In Georgia, every year there are more than 130 pedestrian fatalities that result from traveling on or near a roadway. An attorney must be knowledgeable in Georgia vehicle law and Georgia pedestrian law to properly evaluate this kind of legal matter and protect clients from insurance companies.
When collisions kill or seriously injure a pedestrian, the insurance company and their attorneys typically find ways to blame the pedestrian. Georgia law places responsibility to avoid a collision on both the driver and the pedestrian. For the driver, Georgia law requires that, “every driver of a vehicle shall exercise due care to avoid colliding with any pedestrian upon any roadway, shall give warning by sounding his horn when necessary, and shall exercise proper precautions upon observing any child or any obviously confused, incapacitated, or intoxicated person.” The insurance company and its attorneys will do everything in their power to make it seem that the pedestrian violated a law or did not protect himself or herself.
Specific laws apply when a pedestrian is traveling along the road. First, a pedestrian must use a sidewalk if there is one present. If there is no sidewalk, the pedestrian must travel on the shoulder of the road as far from the edge of the road as possible. If there is no sidewalk or shoulder, a pedestrian must travel as near as possible to the outside edge of the road, and AGAINST TRAFFIC on the left hand side of the road.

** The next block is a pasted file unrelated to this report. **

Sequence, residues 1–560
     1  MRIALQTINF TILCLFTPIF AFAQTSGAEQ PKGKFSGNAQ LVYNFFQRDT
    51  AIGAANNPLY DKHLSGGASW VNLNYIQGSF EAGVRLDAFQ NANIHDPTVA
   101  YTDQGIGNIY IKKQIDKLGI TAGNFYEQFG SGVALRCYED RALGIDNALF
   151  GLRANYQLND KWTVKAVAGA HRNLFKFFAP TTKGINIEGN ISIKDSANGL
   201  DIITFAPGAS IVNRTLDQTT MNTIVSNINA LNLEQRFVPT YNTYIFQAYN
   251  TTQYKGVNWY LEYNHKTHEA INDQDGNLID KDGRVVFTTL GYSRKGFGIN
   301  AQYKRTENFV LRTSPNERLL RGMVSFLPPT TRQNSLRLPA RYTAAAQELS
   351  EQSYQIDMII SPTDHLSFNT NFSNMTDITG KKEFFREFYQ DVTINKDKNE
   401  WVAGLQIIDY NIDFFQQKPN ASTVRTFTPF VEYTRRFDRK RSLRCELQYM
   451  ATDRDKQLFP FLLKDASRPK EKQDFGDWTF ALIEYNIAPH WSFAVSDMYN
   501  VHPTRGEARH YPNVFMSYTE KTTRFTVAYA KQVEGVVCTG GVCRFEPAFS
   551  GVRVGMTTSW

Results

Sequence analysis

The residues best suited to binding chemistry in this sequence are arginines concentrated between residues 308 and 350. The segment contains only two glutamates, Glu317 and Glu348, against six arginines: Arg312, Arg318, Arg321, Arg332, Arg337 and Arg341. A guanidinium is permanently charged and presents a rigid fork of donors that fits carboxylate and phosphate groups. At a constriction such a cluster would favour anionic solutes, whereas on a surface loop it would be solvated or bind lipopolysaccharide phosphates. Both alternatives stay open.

Under Georgia law, a driver must stop for a pedestrian in a crosswalk. However, pedestrians in a crosswalk also need to protect themselves and avoid vehicles. If a pedestrian is in a crosswalk, sees a vehicle and does nothing to avoid the vehicle, their legal case will be very difficult. If a pedestrian is not traveling in a crosswalk, he must "yield the right of way to all vehicles upon the roadway unless he has already, and under safe conditions, entered the roadway."
When a pedestrian is crossing the street in a location that is controlled by a pedestrian control device, a pedestrian must follow the device.
Bicycle Wrongful Death / Injury Matters
In 2013, in the United States, more than 900 bicyclists were killed, and an estimated 494,000 suffered injuries that required emergency room visits. The Centers for Disease Control and Prevention estimate that in a single year, non-fatal crash-related injuries to bicyclists resulted in lifetime medical costs and productivity losses of $10 billion. It takes an attorney who is knowledgeable in Georgia vehicle law and bicycle law to properly evaluate this kind of legal matter and protect the impacted clients.
In Georgia, a bicycle is legally a “vehicle.” This means that a person riding a bicycle on the road must follow the same traffic laws that a car must follow, except for some laws that make specific qualifications for specific classes.